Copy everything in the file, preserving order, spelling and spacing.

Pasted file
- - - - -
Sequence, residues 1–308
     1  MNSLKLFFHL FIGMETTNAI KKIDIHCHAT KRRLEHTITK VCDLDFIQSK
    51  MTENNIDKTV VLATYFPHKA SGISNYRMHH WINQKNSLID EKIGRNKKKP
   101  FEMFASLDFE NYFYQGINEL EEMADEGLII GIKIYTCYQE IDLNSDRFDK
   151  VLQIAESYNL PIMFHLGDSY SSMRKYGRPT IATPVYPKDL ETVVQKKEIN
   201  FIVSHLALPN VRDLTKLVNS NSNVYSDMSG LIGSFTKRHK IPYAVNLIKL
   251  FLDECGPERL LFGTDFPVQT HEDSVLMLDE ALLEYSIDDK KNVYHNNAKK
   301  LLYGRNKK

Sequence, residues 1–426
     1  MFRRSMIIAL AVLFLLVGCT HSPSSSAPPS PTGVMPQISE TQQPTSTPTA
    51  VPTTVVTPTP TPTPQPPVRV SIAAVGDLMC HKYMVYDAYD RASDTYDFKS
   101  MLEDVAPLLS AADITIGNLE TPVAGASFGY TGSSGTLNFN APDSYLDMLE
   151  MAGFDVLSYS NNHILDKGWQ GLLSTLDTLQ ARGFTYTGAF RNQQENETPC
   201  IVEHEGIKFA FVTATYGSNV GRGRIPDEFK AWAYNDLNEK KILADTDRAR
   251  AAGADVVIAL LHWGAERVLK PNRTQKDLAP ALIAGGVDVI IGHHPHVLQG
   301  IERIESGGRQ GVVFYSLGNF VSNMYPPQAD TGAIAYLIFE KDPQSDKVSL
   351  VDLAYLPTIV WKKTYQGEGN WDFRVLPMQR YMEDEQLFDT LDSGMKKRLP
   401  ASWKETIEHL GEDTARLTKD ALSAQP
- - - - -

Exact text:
Sequence, residues 1–308
     1  MNSLKLFFHL FIGMETTNAI KKIDIHCHAT KRRLEHTITK VCDLDFIQSK
    51  MTENNIDKTV VLATYFPHKA SGISNYRMHH WINQKNSLID EKIGRNKKKP
   101  FEMFASLDFE NYFYQGINEL EEMADEGLII GIKIYTCYQE IDLNSDRFDK
   151  VLQIAESYNL PIMFHLGDSY SSMRKYGRPT IATPVYPKDL ETVVQKKEIN
   201  FIVSHLALPN VRDLTKLVNS NSNVYSDMSG LIGSFTKRHK IPYAVNLIKL
   251  FLDECGPERL LFGTDFPVQT HEDSVLMLDE ALLEYSIDDK KNVYHNNAKK
   301  LLYGRNKK

Sequence, residues 1–426
     1  MFRRSMIIAL AVLFLLVGCT HSPSSSAPPS PTGVMPQISE TQQPTSTPTA
    51  VPTTVVTPTP TPTPQPPVRV SIAAVGDLMC HKYMVYDAYD RASDTYDFKS
   101  MLEDVAPLLS AADITIGNLE TPVAGASFGY TGSSGTLNFN APDSYLDMLE
   151  MAGFDVLSYS NNHILDKGWQ GLLSTLDTLQ ARGFTYTGAF RNQQENETPC
   201  IVEHEGIKFA FVTATYGSNV GRGRIPDEFK AWAYNDLNEK KILADTDRAR
   251  AAGADVVIAL LHWGAERVLK PNRTQKDLAP ALIAGGVDVI IGHHPHVLQG
   301  IERIESGGRQ GVVFYSLGNF VSNMYPPQAD TGAIAYLIFE KDPQSDKVSL
   351  VDLAYLPTIV WKKTYQGEGN WDFRVLPMQR YMEDEQLFDT LDSGMKKRLP
   401  ASWKETIEHL GEDTARLTKD ALSAQP